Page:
Tag Archives: Word Count Help

IWSG 72: Breaking Through


This post was written for the Insecure Writer’s Support Group where we share our encouragement or insecurities on the first Wednesday of the month, to join the group or find out more click here.



Do you have any rituals that you use when you need help getting into the ZONE? Care to share?


Feather Stone | Beverly Stowe McClure | Mary Aalgaard | Kim Lajevardi | and Chemist Ken

There is always a moment when the words stop and I can almost see them beyond a glass barrier trying to break through.

I’m sure you know the moment. It’s when the movie your recording pauses, or when the scene ends and a new one begins, or when you have to go somewhere you’ve never been before.

The last one is the hardest for me.

To get to where I must go, I close my eyes and see the glass barrier. Then I imagine a hammer—mine’s small and silver—and I tap the barrier softly. It cracks. Slowly the cracks grow and the shards fall away.

Usually it’s slow going and I have to repeat the process. Knocking down that invisible wall. It’s what I did during my first year winning Nano. The words weren’t coming. I needed to make my word count, so I broke my barrier.

And again when I wrote my first murder scene. Some might say it wasn’t real. The not so funny thing was it seemed pretty real to me and horrific.

I still do my ritual when I have to write something that I find hard to face, t00 real, or beyond my usual realm.

What about you. Is there a place you hate going but write about it anyway? How do you mange it?

Author Toolbox 6: Adding To Word Count

This post was written for the Author Toolbox Blog Hop where we share our new discoveries on the craft of writing, editing, querying, marketing, publishing, and blogging tips. Posted every third Wednesday of the month. For rules and sign-up click here.


A new year and I’m hoping for new ideas that lead to new outlines. I’ve been throwing around an idea about dissecting and expanding some shorts and seeing where they might go as novellas or novels.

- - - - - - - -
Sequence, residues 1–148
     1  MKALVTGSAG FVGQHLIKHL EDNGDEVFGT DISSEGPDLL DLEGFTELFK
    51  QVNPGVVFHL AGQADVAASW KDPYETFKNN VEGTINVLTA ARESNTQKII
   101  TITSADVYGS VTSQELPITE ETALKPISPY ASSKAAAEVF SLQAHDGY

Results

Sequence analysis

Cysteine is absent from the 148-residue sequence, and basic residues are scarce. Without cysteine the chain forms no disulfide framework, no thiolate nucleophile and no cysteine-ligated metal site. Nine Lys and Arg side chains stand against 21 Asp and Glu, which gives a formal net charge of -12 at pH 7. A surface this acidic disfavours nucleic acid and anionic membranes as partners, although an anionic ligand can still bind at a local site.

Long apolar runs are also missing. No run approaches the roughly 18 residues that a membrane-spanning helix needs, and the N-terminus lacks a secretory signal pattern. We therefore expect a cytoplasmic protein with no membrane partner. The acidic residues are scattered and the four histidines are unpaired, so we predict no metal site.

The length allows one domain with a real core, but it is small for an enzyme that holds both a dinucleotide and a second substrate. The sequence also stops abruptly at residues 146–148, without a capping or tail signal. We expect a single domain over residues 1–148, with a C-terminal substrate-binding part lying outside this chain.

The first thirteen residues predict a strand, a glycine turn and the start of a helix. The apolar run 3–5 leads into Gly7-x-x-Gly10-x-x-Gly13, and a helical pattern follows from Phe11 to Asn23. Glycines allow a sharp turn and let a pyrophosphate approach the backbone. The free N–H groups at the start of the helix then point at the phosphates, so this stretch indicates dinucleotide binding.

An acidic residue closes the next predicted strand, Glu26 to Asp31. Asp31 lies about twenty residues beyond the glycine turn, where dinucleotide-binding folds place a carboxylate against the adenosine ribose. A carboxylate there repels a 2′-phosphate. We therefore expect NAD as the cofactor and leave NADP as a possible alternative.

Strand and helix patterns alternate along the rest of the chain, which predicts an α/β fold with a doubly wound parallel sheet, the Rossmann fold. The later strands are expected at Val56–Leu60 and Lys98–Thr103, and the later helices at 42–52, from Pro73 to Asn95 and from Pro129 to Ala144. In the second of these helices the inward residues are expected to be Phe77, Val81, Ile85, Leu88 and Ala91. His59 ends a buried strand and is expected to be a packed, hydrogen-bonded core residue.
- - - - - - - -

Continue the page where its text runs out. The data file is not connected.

Obviously the short would be the core of the story but adding words means adding new ideas or/and adding sub plots.

Here’s what I’ve been considering:

  • add a reversal into the main plot line
  • add subplots and characters complications
  • dig, sift, and seek out places for more tension
  • deepen the point of view, descriptions, atmosphere, arcs
  • transform summaries into scenes
  • dig into the layers of the character’s past and add some regrets, grudges, and unresolved issues

The biggest challenge of lengthening a project is making the additions intricate parts of the story, to move it forward and not be bits of fluff I’ll land up cutting on my next round of revisions.

How do you add to your word count? Any advice for me.

Gleaned from:

NaNo: Word Count Tips

Today I popped over to the NaNoWriMo site and discovered I could win if I had nanowrimo_2016_webbadge_participantthe 50k written. I don’t and it’s the first time in years I’m not ready. Just in case you’re with me in this situation and need help to get those last few words down, I thought I’d share my approach.

I take a long look at my outline. Now that most of the work is down, my vision is clearer and I’m able to see what’s missing.

A lot of times I write about the relationships between my characters. Their overlapping backstory and why they feel the way they do about each other. Rarely, do my characters walk into my stories as strangers. Things that come up are old crushes, unfinished business, or grudges. The results add so much depth it boggles my mind.

When you consider the relationships, supporting scenes, plot points and plot twists appear. We all know intertwined subplots strengthen the main plot and reinforce theme.

I check the notes I’ve been writing all month for scenes that need recrafting and all those loose ends that need wrapping up.

Want the right ending? I rewrite endings, changing them until I find the perfect fit. For me that’s more of a hit and miss kind of thing, and I’ve read the first, second, or even third ending isn’t always the best choice. This is one of my works in progress. I’m working toward a logical surprise, but I’m usually too blunt. Lately, I’ve been working on stretching it out and striving toward reader satisfaction.

poppy-1525814_1920If all else fails, start something new and keep going until you hit the magic number. If you’ve run out of things in one storyline, it may mean a sequel is waiting in the wings.

Go off the rails and let your fingers take you where they will. These tips will help even after November is long gone. Don’t put your work in a drawer if the count is too low. Keep searching for ones that work for you.

Did I miss any? Got a suggestion that may save our bacon? Please, share.

Gleaned from: